Penang House Sit

Sunset from Quayside Condominiums

We were treated to nightly sunsets as we ate dinner in the condo we were house sitting. It honestly was amazing.

As has happened many times in our travels, we hit the jackpot again with our house sit here in Penang. We have been able to spend more than 2 weeks relaxing and looking after a wonderful little pug who has taught us why this breed is so loved by its owners.

Other than taking advantage of the fitness facilities and swimming pool, life has been very slow paced here. As we are able to enjoy both sunrise and sunset from the balconies in this condo, I took the opportunity as a chance to learn a bit about time lapse photography.

We also took a morning to take in a guided walk at the Penang Botanical Gardens.

Penang Botanic Gardens

Did a free guided walk at the Botanic Gardens one weekend. Great group of people and a very knowledgable guide.

Clouded Monitor Lizard

This little Clouded Monitor Lizard was warming up in the sun.

Water Lily

In abundance in this area of the world, you can’t go near a garden without seeing lilies.

Favourite Insect

Spotted this male dragonfly hanging out by the water lilies. You have to love any creature who eats mosquitoes.

Cannonball Tree

The blossom on this Cannonball Tree is being pollinated by a stingless honeybee. We learned all sorts of trivia on our tour of the Botanic Gardens.

I mentioned in the previous post that we had discovered the joys of Uber here in Penang. After chatting with some expats we also tried a company called Grab. It only gets better. With the specials being offered due to Ramadan it was cheaper to be driven door to door with Grab than to take public transit. Honestly, due to the heat we did not do a lot of exploring in the area. Taking an air conditioned car to any destination was definitely more comfortable. We did go on a stroll to the neighbouring fishing community one afternoon.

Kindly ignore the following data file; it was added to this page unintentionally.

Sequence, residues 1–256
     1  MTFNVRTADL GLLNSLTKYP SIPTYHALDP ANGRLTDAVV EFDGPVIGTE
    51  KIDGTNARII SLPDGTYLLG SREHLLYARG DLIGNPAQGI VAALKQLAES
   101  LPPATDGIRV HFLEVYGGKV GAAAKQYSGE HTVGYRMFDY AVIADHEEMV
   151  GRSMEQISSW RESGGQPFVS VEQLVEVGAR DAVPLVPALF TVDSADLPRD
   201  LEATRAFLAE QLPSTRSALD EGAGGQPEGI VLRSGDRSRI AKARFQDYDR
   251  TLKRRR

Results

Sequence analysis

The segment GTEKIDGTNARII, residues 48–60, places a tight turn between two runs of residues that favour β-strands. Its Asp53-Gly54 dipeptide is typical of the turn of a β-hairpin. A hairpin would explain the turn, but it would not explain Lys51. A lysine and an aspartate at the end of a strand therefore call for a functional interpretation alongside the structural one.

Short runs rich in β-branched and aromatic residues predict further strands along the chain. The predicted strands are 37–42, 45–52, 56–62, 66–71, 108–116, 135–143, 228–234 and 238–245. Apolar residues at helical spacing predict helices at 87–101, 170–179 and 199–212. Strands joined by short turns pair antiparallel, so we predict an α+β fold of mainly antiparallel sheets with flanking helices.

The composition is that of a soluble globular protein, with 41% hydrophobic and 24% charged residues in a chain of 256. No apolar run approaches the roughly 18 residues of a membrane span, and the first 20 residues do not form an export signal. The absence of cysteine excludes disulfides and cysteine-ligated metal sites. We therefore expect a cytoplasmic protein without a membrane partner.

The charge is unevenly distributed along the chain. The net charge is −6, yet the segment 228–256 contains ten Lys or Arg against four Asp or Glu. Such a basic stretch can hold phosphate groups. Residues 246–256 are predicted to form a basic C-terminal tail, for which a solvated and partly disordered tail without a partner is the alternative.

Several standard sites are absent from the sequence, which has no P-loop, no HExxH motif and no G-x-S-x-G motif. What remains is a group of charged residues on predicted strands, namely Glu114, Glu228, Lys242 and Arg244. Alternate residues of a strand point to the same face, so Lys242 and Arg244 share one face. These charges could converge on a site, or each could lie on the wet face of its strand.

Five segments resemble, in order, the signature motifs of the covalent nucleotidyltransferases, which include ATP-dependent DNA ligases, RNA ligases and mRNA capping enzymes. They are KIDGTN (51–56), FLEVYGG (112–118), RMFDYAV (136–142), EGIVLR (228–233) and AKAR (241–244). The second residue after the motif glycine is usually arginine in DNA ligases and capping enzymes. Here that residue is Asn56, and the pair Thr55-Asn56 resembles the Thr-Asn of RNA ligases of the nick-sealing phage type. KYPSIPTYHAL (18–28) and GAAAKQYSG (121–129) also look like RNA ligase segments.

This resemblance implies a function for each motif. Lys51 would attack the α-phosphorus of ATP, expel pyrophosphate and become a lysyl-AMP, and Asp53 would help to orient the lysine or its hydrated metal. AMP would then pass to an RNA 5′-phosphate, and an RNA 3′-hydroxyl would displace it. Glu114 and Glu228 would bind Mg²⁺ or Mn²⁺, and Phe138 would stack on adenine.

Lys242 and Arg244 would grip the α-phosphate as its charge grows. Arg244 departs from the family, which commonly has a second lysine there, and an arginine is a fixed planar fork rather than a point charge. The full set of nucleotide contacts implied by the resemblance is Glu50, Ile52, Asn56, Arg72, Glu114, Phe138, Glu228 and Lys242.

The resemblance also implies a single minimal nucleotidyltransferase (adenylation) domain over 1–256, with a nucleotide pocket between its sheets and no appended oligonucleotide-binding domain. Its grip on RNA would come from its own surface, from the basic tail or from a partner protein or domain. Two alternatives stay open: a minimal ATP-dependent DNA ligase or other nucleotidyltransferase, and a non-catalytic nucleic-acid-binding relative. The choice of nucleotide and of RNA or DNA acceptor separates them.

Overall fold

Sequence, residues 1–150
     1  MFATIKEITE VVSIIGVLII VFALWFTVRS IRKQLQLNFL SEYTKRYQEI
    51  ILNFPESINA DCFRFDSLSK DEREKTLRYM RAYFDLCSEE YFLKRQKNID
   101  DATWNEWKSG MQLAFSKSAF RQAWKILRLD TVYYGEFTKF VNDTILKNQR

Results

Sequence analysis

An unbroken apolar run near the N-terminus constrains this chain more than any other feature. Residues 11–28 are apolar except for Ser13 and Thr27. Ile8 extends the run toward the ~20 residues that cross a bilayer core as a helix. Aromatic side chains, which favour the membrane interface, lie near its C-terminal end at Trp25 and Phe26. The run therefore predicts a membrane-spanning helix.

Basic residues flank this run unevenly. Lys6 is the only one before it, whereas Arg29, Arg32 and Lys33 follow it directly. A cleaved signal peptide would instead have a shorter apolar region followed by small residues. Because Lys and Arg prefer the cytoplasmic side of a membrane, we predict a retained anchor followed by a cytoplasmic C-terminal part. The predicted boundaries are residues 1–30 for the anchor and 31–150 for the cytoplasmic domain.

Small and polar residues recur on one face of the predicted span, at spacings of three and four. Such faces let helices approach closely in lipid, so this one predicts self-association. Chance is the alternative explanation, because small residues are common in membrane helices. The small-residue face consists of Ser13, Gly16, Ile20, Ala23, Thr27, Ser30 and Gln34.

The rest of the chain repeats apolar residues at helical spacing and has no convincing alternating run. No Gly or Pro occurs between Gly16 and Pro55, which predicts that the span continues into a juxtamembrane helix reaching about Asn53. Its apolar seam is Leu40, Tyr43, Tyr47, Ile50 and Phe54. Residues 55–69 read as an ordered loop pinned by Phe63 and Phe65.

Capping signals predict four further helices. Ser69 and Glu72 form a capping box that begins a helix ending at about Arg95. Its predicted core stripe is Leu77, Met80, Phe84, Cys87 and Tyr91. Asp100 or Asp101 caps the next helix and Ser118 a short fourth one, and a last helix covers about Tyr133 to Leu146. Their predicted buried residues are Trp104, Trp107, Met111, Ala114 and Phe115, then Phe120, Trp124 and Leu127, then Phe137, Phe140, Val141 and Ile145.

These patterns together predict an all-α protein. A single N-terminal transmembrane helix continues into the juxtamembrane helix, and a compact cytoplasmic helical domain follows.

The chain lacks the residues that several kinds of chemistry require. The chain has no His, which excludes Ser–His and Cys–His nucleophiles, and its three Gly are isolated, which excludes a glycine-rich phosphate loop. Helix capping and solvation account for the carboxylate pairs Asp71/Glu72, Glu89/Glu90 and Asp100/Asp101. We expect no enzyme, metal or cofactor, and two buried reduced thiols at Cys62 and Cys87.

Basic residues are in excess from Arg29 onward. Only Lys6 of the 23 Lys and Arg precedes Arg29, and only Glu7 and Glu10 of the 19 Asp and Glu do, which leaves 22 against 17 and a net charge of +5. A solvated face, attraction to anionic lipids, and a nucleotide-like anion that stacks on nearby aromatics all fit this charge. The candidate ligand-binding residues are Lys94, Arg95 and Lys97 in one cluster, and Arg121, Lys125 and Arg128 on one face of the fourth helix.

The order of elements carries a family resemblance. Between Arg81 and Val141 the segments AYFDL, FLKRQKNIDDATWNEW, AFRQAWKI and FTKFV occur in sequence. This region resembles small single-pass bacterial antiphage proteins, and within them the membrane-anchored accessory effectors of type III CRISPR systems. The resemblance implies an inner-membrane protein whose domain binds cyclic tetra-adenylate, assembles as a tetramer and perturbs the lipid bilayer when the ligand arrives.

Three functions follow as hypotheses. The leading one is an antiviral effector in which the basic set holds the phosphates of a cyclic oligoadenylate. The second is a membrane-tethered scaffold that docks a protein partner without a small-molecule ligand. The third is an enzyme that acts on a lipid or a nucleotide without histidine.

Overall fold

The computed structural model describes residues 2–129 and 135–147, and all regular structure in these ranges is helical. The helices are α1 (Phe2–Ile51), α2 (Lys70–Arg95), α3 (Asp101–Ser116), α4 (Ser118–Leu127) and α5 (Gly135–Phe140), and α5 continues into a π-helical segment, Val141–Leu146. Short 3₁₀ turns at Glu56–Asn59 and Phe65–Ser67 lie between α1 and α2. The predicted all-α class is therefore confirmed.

Local Fisherman

Went for a walk to look at the fishing community adjacent to our condo complex. The boats seem to change a bit from country to country when it comes to the local fisherman. The consistent thing is they are hard, hard workers. Much respect.


I have to admit I was surprised to encounter this dog wandering on the shoreline near the fishing community. We have not seen many large dogs in Malaysia, this one is obviously a survivor though.

Our time house sitting here in Penang has been wonderfully rejuvenating. We are looking forward to spending a few days playing tourist in Georgetown before heading to our next house sit in Thailand. Work, work, work…..I love it.


Categories: House Sitting, Malaysia, Photography, travel, Wildlife | Tags: , , , , , , , , | 1 Comment

On to Penang